@Phil- thanks for the advice- tried most of that, found it somewhat unsatisfactory-just got caught evading far too often. Pikes move up to less than 1" away and keep charging until they get lucky. You only get to shoot at them every other turn or so. Same with any heavy foot, a lot of which you really do not want to fight. Of course, one tries to keep one's distance from lancers, but they only have to roll not to charge once to make getting away with skirmishing a crapshoot, and losing impact means a lot of the time you are meleeing at a serious disadvantage. Even if you make your checks and don't lose cohesion or a stand, the melee is exactly even unless your opponent runs protected lances- Santa Claus has sent me few opponents so foolish.

Anyway, I know some people are very successful with such troops, so the failure must be mine- just looking for free advice on how to make the lil'fellers work.

Marshal Mark13 Sep 2012 2:14 p.m. PST

I think you need a combination of bow armed LH and armoured cavalry. Then aim to put the LH in front of the enemy troops and the cavalry on the flanks.

Korvessa13 Sep 2012 3:53 p.m. PST

i Think the main problem is that tables are typically waaaaaaaayyyyyyyy too small to accurately reflect horse archers at their best.

art of war miniatures Inactive Member13 Sep 2012 7:44 p.m. PST

when you evade from the pike charge only return to a distance of between three to four inches that way you get to shoot three times before you have to evade again.

Dexter Ward20 Sep 2012 6:58 a.m. PST

When you say you want Carrhae to play out correctly…..

For the first day, the Parthians shoot at the Romans all day, and nothing much happens. That's what happens in many wargame rules, too.

It's only on the second day, when the Roman commanders are dead and the army tries to retreat and they are low on water and their morale is low that the Parthians can beat them.

There's a wargame myth that the Parthians shot the Romans to pieces at Carrhae. They didn't; the Romans ran out of water, their morale failed, and they were ridden down. And half the army still managed to make it back to safety.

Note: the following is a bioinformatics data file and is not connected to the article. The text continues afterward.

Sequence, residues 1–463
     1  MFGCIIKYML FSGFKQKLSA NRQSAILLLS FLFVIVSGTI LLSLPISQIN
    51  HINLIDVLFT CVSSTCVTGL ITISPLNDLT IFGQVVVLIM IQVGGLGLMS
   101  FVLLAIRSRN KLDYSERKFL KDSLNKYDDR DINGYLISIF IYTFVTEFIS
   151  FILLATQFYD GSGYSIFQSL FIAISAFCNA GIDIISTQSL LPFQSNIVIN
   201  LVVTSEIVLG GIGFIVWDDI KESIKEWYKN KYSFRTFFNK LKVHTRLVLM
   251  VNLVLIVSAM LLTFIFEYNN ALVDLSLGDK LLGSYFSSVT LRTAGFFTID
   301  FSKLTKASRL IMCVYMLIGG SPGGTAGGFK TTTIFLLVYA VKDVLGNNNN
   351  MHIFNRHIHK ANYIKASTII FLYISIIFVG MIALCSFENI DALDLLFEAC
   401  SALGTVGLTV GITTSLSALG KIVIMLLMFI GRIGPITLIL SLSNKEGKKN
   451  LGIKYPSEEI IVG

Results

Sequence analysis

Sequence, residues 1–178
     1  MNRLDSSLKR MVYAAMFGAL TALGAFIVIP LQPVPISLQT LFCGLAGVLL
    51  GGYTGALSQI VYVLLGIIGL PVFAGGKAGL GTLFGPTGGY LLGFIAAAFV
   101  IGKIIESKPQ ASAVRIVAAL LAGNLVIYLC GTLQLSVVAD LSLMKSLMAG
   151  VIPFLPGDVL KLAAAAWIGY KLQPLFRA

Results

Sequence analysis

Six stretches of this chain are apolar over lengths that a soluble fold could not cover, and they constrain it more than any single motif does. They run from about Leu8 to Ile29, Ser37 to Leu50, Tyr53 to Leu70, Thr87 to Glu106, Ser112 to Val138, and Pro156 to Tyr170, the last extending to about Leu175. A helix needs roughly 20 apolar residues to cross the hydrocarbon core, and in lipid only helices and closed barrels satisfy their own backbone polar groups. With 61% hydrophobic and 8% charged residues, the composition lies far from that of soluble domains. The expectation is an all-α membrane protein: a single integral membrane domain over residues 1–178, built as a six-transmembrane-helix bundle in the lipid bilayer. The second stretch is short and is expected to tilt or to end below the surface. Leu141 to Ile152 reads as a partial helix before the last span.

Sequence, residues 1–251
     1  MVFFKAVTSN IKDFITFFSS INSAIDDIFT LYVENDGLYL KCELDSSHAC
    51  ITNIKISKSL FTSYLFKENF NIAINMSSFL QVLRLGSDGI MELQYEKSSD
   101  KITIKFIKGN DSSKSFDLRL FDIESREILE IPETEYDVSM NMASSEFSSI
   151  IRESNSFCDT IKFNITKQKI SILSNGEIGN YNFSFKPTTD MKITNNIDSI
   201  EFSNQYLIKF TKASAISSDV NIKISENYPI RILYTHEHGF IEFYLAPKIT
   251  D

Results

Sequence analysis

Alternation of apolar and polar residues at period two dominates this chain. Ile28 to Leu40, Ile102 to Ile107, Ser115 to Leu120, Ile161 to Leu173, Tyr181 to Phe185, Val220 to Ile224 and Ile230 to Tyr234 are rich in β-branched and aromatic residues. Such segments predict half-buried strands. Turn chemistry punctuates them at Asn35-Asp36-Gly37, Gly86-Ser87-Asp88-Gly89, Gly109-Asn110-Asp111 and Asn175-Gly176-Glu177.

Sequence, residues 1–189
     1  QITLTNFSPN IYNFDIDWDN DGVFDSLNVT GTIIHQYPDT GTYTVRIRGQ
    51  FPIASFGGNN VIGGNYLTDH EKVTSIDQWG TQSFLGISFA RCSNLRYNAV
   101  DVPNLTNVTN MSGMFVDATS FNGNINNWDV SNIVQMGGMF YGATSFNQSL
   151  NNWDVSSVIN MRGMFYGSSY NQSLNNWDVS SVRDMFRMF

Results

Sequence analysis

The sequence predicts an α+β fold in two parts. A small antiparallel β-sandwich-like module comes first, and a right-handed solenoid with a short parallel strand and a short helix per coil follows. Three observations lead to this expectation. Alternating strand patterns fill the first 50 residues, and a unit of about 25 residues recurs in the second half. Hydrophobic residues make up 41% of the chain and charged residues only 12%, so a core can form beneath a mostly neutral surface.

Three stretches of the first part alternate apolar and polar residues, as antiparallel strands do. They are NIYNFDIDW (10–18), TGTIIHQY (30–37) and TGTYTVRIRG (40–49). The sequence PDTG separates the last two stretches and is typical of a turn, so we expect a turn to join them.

Marshal Mark01 Oct 2012 9:14 a.m. PST

Scythians, Parthians, Sakhae, etc just can't win a battle

Parthians are ranked 35 and Skythian ranked 52 out of 120 armies in FOG (ranking armies by average points per game and only considering armies with >50 games). So they are both in the top half of the most popularly used armies. They can certainly win games.
5 out of the top ten ranked armies rely heavily on shooty cavalry or LH.
Shooty cav are powerful in FOG, but it takes some practise to be successful with them.

Ryryd ap Gwerstan Inactive Member02 Oct 2012 5:43 a.m. PST

We play with bow-armed cav quite a bit. Early on, we found the same kinds of issues. Then we changed our way of thinking: Cavalry is not fast infantry and infantry is not slow cavalry. Each has its own role in a battle. Cavalry are exploitation troops. Deployment of the army and maneuver of infantry creates weaknesses in the enemy in localized areas. Cavalry moves in quickly to exploit those weaknesses. Bow-armed cavalry have the additional advantage of being able to exploit at a distance, followed by charging. They can then disengage (break-off) and do it again. Wash-Rinse and repeat. Because cavalry are often Superior, they can tolerate cohesion checks well. Put a general with them and they can be very effective. (They fight better in the impact and if they fail they can break-off, restore cohesion, and come back fresh.) Play with this a bit in limited test engagements. I think you will like the results. (As an aside, this is also the way to make seemingly useless light chariots into meat grinders!)